Posted: 02/05/2009 - Continuing dry weather conditions are perpetuating the drought, and moisture is desperately needed to fill the farm soil profiles before spring planting can begin. Joe Brown has more in this week’s From The Ground Up.

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"Drought"

Posted: 01/29/2009 - There are two major drainage ways for the Brazos River bottom in Burleson County and the absence of any substantial rains producing run-off has created circumstances that haven’t been seen in over 50 years.

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Producing Show Calves Part 2

Updated: 01/22/2009 - If those calves were sent to market last spring when they were about 6 months old, they would have brought between five and six hundred dollars a head, and we would have sold them by the pound. We’re not selling performance here, we’re selling a confirmation, a look, so to speak.

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Producing Show Calves

Updated: 01/15/2009 - There’s probably around 8500 4-H project or halter steers put on feed each year, and we direct this market toward that industry.

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Continuing Education

Updated: 01/08/2009 - In agriculture, we have a burden that some of those regulations some times can place additional financial pressure on our operations, however on the other hand, we all have a vested interest in protecting and being good stewards of the land because that is what makes the money for those of us that are engaged in these enterprises.

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2008 in Review

Updated: 12/31/2008 - You’ve got three or four main U.S. commodities competing for the same acres, and we need more acres, but there’s not more acres out there.

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Ag Management Tools

Updated: 12/31/2008 - Grass burr / sand burr is definitely a pest in hay, especially hay fed to horses. Horse people, it’s a no-no. I mean there’s basically zero tolerance in horse hay.

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New Fertilizer Technology

Updated: 12/15/2008 - “Urea is the most widely used nitrogen form of fertilizer, especially in hay and grass production. We get a lot of heat and humidity down that tends to break down urea, because if you put it out there, just, either on bare ground, or on pasture, the heat and humidity will break down that nitrogen, and it’ll volatize, gas off in the air, and it will leech through the soil.”

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Hay Storage

Updated: 12/04/2008 - Hay is a major input cost for cow calf producers, and the round hay bales you’ll see sitting out in rural areas are not as weather-proof as many people think.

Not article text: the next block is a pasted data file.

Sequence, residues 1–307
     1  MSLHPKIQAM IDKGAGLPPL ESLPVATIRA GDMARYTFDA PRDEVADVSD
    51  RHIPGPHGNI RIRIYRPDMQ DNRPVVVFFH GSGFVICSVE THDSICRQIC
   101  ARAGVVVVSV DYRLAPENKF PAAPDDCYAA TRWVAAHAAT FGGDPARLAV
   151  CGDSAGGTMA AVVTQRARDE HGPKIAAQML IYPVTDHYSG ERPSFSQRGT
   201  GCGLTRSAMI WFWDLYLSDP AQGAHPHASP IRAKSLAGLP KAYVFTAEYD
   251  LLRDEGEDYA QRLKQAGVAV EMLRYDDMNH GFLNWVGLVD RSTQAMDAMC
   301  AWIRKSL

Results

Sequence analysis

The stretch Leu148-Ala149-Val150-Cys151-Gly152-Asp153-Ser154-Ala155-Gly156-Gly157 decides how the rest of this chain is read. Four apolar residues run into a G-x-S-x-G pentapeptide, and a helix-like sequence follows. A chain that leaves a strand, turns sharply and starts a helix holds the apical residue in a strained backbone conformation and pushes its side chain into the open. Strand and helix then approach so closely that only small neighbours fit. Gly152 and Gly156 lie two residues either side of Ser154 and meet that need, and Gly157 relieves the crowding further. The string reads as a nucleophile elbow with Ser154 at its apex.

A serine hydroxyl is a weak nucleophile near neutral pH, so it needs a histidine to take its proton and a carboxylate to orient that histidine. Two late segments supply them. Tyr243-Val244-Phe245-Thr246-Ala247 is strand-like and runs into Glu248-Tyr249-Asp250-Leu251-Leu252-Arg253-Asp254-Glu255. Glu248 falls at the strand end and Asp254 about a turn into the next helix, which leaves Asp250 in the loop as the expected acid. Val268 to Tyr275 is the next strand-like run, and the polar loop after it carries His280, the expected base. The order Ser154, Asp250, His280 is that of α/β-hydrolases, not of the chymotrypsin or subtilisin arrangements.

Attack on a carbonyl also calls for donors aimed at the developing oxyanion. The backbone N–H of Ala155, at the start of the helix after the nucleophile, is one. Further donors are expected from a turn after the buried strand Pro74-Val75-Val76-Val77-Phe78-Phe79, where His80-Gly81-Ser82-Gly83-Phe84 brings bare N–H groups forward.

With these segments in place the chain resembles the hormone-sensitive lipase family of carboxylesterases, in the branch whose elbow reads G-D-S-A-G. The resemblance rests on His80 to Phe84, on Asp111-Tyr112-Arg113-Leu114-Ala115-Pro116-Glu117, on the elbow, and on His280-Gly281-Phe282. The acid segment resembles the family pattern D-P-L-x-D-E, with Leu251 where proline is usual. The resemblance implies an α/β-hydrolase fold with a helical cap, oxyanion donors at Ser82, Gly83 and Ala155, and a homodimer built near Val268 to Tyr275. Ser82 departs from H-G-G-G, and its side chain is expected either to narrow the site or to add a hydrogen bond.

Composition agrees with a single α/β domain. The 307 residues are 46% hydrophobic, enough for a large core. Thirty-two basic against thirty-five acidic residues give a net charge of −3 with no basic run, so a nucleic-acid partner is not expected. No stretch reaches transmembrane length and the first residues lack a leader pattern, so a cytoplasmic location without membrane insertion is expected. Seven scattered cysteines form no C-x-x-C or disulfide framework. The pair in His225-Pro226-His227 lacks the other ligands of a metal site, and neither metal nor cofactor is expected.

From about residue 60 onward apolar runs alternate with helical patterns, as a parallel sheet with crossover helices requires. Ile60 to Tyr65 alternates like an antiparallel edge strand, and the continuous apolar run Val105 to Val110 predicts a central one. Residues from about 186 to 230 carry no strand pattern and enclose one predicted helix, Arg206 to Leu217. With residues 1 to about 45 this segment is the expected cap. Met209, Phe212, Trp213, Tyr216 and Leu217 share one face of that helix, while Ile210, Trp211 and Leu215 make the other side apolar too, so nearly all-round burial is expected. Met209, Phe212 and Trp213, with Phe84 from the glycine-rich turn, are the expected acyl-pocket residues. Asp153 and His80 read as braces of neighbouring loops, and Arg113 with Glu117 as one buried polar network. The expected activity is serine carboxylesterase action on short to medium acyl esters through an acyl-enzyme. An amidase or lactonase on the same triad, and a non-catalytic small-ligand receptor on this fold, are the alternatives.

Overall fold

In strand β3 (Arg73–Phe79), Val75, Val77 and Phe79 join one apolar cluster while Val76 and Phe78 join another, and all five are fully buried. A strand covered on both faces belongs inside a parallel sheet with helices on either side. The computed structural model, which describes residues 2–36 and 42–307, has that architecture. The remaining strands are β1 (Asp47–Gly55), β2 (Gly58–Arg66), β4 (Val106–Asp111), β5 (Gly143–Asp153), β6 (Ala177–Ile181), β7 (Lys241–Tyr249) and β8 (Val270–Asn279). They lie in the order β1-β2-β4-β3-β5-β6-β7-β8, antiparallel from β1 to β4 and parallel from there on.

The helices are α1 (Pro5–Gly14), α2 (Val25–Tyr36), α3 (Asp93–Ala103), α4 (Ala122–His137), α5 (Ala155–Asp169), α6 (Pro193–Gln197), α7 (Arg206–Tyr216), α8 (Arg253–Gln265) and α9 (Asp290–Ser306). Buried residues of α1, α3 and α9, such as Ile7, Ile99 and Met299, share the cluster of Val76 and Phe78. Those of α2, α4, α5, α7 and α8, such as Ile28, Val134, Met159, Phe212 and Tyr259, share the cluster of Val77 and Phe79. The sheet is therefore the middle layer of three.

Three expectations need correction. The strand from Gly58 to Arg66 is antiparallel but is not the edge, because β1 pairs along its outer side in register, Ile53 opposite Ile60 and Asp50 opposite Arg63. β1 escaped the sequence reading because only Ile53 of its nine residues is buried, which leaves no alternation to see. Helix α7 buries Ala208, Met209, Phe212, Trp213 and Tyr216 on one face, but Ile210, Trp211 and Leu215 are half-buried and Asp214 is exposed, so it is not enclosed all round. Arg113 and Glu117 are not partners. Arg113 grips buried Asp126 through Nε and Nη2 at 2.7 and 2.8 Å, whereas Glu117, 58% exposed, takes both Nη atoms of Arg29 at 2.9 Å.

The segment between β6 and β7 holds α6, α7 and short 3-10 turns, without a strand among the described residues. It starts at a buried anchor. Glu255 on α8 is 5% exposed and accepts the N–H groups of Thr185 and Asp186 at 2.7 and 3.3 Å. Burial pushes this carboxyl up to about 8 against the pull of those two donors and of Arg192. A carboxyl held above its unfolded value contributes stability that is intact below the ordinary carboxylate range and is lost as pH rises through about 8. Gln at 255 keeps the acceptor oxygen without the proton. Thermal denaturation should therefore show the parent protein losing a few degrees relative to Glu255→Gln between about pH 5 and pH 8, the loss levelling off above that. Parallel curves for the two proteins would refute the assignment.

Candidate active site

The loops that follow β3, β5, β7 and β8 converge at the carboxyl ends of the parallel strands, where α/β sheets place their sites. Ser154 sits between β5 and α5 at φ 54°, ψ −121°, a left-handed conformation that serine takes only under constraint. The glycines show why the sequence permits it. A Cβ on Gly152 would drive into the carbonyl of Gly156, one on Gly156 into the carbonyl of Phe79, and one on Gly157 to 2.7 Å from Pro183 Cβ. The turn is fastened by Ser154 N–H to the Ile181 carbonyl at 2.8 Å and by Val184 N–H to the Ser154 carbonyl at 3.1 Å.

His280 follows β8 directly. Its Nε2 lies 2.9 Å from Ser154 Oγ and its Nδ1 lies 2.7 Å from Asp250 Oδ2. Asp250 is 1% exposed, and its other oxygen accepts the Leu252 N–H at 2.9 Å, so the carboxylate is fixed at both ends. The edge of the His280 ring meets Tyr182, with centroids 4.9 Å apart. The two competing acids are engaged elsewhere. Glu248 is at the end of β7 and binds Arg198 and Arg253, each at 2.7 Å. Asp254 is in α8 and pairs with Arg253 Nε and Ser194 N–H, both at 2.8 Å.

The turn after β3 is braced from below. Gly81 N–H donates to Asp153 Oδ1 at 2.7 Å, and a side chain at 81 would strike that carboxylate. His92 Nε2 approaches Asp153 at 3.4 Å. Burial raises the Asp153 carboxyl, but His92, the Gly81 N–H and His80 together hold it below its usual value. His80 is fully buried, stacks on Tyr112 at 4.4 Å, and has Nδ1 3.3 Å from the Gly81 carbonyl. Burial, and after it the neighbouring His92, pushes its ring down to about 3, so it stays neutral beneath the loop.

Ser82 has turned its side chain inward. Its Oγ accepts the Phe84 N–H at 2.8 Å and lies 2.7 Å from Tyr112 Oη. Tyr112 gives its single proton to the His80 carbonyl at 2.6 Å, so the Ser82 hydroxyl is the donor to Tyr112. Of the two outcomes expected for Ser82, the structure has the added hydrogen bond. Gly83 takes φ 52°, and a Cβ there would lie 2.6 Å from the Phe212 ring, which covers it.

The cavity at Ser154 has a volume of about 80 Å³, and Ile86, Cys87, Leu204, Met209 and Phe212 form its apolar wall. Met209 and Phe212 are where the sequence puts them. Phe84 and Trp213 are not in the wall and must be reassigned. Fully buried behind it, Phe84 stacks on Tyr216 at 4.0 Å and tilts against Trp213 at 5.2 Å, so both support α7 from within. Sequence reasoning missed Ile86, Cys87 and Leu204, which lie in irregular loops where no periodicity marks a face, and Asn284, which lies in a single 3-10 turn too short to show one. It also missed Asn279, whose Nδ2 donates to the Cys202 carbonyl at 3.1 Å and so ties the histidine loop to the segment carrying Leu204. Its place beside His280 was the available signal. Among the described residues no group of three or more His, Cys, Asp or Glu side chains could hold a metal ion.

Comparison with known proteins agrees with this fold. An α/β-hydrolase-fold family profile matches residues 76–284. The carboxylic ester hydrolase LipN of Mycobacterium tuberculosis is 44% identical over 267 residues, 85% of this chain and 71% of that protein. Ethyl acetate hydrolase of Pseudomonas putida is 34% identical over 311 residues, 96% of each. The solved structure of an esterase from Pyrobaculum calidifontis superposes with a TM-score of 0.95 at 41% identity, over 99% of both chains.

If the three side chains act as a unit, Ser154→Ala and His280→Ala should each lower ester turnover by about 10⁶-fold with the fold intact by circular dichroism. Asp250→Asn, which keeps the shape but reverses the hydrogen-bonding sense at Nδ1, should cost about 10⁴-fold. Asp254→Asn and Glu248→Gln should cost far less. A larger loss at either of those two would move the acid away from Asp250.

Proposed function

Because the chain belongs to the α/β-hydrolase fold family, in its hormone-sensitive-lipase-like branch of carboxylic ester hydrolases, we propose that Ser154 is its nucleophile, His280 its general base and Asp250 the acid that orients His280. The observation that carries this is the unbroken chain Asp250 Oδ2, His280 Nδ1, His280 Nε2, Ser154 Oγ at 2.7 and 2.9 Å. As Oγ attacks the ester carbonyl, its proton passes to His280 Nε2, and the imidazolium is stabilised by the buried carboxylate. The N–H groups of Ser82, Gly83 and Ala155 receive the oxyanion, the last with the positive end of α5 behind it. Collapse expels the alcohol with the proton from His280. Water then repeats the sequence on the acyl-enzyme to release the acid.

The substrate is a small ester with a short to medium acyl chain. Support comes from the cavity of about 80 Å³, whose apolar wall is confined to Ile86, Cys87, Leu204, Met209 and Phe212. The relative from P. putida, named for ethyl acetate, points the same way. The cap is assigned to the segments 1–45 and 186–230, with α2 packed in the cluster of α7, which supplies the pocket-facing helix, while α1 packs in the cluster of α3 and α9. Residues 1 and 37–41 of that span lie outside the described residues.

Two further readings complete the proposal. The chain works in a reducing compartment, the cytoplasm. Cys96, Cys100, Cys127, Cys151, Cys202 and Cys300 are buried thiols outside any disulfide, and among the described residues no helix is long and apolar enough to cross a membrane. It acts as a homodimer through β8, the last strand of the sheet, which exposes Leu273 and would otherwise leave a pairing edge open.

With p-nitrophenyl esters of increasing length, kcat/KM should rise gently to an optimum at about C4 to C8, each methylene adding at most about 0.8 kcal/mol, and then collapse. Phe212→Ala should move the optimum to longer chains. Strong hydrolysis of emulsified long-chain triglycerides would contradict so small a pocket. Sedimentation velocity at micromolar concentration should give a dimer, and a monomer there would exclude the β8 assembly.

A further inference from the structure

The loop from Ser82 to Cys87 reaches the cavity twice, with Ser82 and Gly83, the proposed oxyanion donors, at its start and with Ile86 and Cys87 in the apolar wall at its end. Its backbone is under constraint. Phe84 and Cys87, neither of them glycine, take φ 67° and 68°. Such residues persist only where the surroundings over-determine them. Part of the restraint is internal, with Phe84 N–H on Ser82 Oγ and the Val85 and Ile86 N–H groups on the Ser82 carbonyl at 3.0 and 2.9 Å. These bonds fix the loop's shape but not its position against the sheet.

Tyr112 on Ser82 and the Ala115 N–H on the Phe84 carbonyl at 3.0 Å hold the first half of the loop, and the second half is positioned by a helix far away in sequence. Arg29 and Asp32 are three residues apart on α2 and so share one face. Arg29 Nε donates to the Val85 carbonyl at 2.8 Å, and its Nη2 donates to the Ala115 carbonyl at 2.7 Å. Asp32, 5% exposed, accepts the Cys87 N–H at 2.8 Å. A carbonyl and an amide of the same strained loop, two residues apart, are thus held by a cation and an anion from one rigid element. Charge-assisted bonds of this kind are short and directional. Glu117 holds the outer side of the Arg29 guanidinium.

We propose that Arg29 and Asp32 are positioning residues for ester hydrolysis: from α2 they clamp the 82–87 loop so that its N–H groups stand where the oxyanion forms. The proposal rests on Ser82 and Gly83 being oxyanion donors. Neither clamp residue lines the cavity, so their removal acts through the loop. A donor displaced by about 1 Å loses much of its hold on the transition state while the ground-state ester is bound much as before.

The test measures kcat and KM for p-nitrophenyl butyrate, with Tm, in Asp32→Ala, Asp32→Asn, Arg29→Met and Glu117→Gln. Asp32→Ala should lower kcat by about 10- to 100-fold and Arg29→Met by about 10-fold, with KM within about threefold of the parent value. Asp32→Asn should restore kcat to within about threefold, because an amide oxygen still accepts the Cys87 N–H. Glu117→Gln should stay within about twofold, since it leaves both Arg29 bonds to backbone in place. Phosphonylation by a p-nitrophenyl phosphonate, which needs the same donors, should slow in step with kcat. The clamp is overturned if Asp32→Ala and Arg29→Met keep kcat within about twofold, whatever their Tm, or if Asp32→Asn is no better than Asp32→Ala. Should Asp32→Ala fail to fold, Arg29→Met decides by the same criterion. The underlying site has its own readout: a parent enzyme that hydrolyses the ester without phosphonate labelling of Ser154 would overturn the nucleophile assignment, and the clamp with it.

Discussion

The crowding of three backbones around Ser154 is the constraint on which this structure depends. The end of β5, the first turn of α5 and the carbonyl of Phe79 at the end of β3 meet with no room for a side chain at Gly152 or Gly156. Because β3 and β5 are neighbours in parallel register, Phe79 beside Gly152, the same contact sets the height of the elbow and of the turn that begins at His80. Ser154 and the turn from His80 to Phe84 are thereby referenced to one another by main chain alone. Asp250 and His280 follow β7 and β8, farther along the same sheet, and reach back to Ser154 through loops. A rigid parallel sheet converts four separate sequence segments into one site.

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Thanksgiving Abundance

Posted: 12/03/2008 - Thanksgiving celebrations here in the United States are all bound together by a common thread. They all include a feast of some kind, and while most of us take our abundant food supply for granted, it might be a good time to realize that none of the food we enjoy on holidays originates at a grocery store.

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Pigs and Politics

Posted: 11/17/2008 - Less than two per cent of the U.S. population produces over one hundred per cent of the country’s food and the overage is exported to feed people all over the world. Pork is the most widely consumed meat globally, but the pork industry, as well as the entire agriculture industry in the U.S., faces the big challenge of educating consumers.

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Show Pigs

Posted: 11/05/2008 - In years past, there was a lot of pork produced in the Brazos Valley, but even with the very successful “Pork: the other white meat” campaign that ran nation wide, and exports that have broken records every year for the past 17 years, the volume of pigs produced in our area, and in Texas as well, has declined.

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Where Do Bacon And Ham Come From?

Posted: 11/03/2008 - People in the U.S. have become so far removed from agriculture that when you ask where hamburgers come from they’re apt to give you the name of their favorite fast food joint. In this week’s From The Ground Up, Joe Brown says if you’re asked where your upcoming Holiday ham is coming from and you answer with the name of your favorite grocery store, that’d be wrong too.

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October Cotton

Posted: 10/23/2008 - The last time we checked in with local farmers, many had cotton still in the field, had just weathered Hurricane Ike, and were surveying the damage that had been done to this year’s crop. We know less cotton was produced in the Brazos Bottom this year, but as it turns out we still don’t know exactly how much because there’s still cotton that hasn’t been picked.